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Neuroscientists Reveal New Factors That Can Predict How Well We See

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A group of neuroscientists found that the size of our primary visual cortex and the amount of brain tissue we use to process visual information at certain places in visual space can tell how well we see. The new study published in Nature Communications today, demonstrates a novel association between brain structure and behavior.

“We have found that we can predict how well someone can see based on the unique structure of their primary visual cortex,” says main author Marc Himmelberg. “By showing that individual variation in the structure of the human visual brain is linked to variation in visual functioning, we can better understand what underlies differences in how people perceive and interact with their visual environment.”

Similar to fingerprints, the bumps and ridges on the surface of each individual’s brain are unique. The significance of these variations, particularly when it comes to their impact on behavior, such as differences in our capacity to see, is not fully understood.

Himmelberg and his co-authors, Jonathan Winawer and Marisa Carrasco, both professors at NYU’s Center for Neural Science and Department of Psychology, wanted to find out how these brain features affect how we see in their new research.

The primary visual cortex (V1) organizes the image projected from the eye into a map. However, it is distorted, as are many maps, with some areas of the image being larger than others.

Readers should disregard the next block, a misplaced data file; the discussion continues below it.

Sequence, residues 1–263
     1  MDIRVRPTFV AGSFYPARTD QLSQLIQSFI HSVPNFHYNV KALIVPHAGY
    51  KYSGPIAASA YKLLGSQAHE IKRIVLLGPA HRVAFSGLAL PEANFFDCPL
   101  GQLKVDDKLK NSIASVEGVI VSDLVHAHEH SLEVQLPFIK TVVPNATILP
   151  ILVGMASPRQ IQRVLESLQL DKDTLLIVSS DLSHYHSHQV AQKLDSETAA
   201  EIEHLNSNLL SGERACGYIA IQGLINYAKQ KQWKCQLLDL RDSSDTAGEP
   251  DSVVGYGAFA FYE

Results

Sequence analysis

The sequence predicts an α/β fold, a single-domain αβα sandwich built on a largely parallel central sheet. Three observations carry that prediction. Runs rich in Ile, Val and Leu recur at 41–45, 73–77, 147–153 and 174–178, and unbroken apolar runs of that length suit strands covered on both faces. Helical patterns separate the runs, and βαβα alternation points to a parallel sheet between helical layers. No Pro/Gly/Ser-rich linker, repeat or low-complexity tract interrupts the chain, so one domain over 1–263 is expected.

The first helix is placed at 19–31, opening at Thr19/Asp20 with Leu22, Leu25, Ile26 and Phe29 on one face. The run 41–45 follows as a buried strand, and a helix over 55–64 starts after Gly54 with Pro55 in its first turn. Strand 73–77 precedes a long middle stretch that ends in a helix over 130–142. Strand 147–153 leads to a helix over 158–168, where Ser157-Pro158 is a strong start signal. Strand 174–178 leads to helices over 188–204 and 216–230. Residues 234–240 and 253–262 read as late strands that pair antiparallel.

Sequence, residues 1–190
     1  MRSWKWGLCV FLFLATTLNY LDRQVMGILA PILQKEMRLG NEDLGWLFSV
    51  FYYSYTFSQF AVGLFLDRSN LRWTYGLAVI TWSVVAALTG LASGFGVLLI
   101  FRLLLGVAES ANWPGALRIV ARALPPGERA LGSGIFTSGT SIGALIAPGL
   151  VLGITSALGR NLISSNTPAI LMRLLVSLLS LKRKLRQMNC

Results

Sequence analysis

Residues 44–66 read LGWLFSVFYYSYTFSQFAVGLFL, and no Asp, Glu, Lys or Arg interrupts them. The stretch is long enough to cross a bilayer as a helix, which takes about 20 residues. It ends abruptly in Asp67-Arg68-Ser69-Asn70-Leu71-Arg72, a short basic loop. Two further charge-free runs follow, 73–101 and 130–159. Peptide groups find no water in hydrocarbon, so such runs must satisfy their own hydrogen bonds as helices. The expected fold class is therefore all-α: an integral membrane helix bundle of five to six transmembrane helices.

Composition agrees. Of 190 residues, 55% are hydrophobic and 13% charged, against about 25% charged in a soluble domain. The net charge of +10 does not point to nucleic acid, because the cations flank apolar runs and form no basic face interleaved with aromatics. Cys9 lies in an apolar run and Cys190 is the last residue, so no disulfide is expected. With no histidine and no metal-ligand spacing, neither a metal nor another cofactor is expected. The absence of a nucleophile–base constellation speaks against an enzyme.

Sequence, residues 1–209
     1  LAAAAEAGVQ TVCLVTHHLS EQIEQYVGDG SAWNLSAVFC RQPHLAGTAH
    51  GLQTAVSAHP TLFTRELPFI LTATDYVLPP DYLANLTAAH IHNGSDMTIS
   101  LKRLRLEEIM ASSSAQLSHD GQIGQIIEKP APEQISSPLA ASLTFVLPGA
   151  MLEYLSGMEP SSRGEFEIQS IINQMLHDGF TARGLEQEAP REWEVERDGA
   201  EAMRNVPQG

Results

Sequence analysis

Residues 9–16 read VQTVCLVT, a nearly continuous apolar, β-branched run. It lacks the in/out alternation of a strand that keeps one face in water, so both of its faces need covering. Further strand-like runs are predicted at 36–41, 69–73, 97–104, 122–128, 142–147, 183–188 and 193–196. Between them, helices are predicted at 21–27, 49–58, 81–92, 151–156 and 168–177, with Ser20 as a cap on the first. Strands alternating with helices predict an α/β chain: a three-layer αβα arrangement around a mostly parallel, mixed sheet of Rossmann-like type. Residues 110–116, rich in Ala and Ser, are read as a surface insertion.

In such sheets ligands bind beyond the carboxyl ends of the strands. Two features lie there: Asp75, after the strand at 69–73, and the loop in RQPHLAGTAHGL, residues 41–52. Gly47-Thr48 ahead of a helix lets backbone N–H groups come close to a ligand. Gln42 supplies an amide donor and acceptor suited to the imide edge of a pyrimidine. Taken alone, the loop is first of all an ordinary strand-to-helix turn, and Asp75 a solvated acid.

“Think of a subway map of New York City which makes Staten Island look smaller than Manhattan,” Winawer explains. “The map maintains some degree of accuracy, but it enlarges regions likely to be of broader interest. Similarly, V1 enlarges the center of the image we see—that is, where our eyes are fixating—relative to the periphery .”

This is due to the fact that V1 contains more tissue in the center of our range of vision. V1 also enlarges places to the left and right of where our eyes are fixating in comparison to locations above and below, due to changes in cortical tissue arrangement.

The researchers used functional magnetic resonance imaging (fMRI) to map the size of the primary visual cortex (or “V1”) in more than two dozen people. The amount of V1 tissue these people had allocated to processing visual information from different positions in their field of view—to the left, right, above, and below fixation—was also measured.

In addition to the V1 measures, these individuals were given a task to assess the quality of their vision at the same locations in their field of view. The participants were asked to distinguish between the orientations of patterns displayed on a computer screen in order to determine “contrast sensitivity,” or the ability to distinguish between images.

Their findings revealed that changes in V1 surface size could predict contrast sensitivity assessments in persons. First, people with a big V1 were better at detecting differences in brightness than those with a small V1 (the largest surface area being 1,776 square millimeters [mm2] and the smallest being 832 mm2). Second, those with more cortical tissue committed to processing visual information from a given place in their field of vision had higher contrast sensitivity in that region than people with less cortical tissue dedicated to that region. Third, stronger contrast sensitivity at one place (e.g., left) compared to another site equidistant from fixation (e.g., above) linked to regions with more or less cortical tissue, respectively, across participants.

“In sum,” Carrasco says, “the more local V1 surface area dedicated to encoding a specific location, the better the vision at that location,” concludes Carrasco.”

The findings of the study “show differences in visual perception are inextricably linked to differences in the structure of the primary visual cortex in the brain.”

Image Credit: Getty

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